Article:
I like walking the beach. It’s good for the mind, body, and soul – and refreshing on my feet.
I think of our eyes – those two moveable spheres on the front of our face looking straight head while other organisms have them on top of their head.
I think about the importance of the eyes in balance – the way we keep our eyes on the single rail as we attempt a balanced walk on a railroad track.
I think of the eyes and the sense of sight that they initiate. That upside down, mirror-reversed image that red, green, and blue sensors on the retina of each eye detect – and these messages are the ones that our brain interprets and puts it together as the one image of what we see.
I think of sight as the one sense most of us fear losing. Some of us have lost the sight that others never had while others have experienced threats their eyesight. Ever wonder how people cope with losing vision after they had it?
Ever wonder what those with a visual abnormality see? The colorblind, whether red-green, blue-yellow, or even the monochromatic? Or the limited views caused by glaucoma or cataracts? It’s hard to imagine visual problems for those eyes aren’t mine.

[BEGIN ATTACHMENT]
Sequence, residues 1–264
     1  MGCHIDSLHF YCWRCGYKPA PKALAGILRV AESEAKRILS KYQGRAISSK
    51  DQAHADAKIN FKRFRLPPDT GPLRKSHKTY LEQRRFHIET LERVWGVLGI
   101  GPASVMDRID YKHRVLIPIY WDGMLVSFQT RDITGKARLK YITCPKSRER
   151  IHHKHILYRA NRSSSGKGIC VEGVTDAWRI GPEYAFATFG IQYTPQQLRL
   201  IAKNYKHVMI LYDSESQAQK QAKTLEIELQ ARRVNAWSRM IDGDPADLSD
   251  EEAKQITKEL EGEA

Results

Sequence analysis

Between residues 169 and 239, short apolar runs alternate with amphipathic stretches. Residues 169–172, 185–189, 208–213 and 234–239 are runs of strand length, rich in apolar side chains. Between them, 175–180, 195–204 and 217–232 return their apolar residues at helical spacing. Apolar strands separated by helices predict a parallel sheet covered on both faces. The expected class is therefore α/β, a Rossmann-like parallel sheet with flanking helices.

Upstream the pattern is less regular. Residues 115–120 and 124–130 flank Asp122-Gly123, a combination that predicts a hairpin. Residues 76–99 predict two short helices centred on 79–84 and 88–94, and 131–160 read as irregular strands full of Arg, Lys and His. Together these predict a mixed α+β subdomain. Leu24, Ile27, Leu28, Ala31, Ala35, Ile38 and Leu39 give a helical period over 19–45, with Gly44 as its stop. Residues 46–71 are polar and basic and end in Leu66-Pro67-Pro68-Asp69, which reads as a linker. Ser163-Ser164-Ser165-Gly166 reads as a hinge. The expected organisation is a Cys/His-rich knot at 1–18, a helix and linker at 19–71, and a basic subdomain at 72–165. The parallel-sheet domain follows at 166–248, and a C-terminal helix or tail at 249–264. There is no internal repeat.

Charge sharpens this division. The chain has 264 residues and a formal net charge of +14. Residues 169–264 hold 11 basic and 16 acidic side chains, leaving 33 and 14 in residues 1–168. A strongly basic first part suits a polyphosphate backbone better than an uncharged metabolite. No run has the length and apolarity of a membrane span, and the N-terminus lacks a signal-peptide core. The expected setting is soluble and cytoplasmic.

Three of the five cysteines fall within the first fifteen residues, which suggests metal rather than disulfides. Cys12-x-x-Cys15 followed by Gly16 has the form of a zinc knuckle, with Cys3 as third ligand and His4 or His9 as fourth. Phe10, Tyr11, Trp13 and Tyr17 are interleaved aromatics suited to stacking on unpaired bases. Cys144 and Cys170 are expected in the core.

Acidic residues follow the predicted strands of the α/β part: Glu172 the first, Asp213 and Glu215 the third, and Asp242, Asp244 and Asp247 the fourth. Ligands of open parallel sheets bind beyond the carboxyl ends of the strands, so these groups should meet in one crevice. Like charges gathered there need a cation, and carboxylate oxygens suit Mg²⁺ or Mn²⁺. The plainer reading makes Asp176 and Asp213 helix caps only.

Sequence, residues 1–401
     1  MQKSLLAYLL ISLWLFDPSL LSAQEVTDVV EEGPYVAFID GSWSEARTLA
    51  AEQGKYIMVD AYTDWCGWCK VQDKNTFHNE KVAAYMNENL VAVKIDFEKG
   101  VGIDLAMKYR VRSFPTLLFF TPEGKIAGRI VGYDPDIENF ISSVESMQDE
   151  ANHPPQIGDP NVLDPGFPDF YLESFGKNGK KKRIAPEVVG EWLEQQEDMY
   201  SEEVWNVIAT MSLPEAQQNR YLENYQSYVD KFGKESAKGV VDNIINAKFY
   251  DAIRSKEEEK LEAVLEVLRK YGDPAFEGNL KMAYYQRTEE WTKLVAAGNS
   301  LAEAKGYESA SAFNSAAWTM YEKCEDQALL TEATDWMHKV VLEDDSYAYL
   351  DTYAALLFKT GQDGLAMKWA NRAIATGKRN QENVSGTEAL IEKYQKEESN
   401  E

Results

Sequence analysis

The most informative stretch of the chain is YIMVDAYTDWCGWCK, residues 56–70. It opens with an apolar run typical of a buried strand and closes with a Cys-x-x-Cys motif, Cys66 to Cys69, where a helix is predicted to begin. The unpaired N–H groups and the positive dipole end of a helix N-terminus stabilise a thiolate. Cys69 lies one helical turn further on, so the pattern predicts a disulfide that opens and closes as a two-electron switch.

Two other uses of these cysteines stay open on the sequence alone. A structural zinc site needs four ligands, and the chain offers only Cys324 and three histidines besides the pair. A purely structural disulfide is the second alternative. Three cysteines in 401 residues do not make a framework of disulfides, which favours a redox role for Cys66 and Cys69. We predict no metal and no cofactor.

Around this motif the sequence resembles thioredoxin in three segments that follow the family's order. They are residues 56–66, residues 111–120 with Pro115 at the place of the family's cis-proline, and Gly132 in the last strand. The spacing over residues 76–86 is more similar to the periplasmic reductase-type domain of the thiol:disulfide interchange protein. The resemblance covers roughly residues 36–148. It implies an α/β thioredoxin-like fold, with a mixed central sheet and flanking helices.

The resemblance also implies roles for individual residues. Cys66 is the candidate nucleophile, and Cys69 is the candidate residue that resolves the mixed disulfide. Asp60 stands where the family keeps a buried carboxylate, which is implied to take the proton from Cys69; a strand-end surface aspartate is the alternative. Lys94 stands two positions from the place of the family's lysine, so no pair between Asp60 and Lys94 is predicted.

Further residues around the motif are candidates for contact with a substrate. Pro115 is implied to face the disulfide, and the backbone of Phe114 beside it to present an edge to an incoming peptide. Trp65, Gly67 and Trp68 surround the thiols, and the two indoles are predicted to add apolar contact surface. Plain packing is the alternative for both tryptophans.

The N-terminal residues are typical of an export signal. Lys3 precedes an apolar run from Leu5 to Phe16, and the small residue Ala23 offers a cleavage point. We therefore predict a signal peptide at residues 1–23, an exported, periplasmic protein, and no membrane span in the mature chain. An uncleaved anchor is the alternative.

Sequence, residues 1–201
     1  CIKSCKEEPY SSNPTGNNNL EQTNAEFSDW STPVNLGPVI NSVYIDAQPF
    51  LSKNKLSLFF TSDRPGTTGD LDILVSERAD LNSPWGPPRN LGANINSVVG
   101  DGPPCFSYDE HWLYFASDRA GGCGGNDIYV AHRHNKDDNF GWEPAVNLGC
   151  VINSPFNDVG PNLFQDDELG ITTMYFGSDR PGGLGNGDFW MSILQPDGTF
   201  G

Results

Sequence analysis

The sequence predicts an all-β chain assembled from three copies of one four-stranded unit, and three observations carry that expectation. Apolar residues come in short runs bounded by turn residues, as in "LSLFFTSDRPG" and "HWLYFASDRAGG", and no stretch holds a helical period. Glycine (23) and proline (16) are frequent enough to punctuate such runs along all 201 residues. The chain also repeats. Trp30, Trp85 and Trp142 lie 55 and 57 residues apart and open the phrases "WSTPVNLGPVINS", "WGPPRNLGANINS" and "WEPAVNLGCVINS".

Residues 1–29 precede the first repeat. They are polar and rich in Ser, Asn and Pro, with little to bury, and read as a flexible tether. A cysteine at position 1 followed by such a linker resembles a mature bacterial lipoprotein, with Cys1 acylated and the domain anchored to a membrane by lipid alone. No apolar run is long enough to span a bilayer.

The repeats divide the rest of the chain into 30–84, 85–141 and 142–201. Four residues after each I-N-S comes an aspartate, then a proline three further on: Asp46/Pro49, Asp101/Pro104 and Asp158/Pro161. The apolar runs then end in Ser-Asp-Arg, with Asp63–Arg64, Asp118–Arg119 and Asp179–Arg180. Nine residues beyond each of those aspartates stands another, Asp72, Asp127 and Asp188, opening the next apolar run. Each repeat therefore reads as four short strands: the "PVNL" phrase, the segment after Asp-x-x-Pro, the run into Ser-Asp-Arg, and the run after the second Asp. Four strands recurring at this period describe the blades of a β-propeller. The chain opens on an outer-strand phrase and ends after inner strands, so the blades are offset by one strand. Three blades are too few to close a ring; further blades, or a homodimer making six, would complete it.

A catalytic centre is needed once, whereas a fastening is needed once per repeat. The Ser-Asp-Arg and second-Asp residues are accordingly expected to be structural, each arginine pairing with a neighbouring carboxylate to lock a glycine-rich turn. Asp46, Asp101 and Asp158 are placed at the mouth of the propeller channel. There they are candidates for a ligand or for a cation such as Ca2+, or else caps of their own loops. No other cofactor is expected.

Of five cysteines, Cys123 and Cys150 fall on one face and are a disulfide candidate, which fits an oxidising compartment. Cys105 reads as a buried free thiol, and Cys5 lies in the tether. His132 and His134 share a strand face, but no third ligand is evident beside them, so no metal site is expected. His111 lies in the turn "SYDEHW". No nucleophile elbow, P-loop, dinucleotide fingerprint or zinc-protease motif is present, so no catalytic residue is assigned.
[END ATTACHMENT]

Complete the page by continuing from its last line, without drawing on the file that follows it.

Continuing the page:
Color is all around us. All the color we see is based on light signals received by those three sensors – yet we see so many colors. Somehow, a person with monochrome vision can be a painter of vibrant color.
Eyesight – that mechanism that puts a world in front of us to see – to interact with, to note danger, and more. But those are only true if we take the time to look – to notice the world and its detail found directly in front of us. Otherwise, we won’t notice what our eyes see. Then again, our biases, perceptions, and distractions influence our interpretation of the visual scene.
Whereas the eyes gather light’s input of our world, our vision is a gift from our mind that is a higher level and purpose of vision. Perhaps this is what Helen Keller meant when saying, “The only thing worse than being blind is having sight but no vision.”
The eyes – those two small spheres that show emotion, interest, confusion, confidence, insecurity, and more. The locking of eyes can be a special moment – that is transcending what one sees to another level of emotion.
No matter where we are, our lives are surrounded of things to see, but do we take time to notice what is around us – even directly in front of us. After all, awareness is a conscious activity. But for everything there is to see, we cannot see without light.
There is much to see when I walk the beach, and my observations are in many beach walks – but this remains unchanged – I like walking the beach is good for the mind, body, and soul – and refreshing on my feet.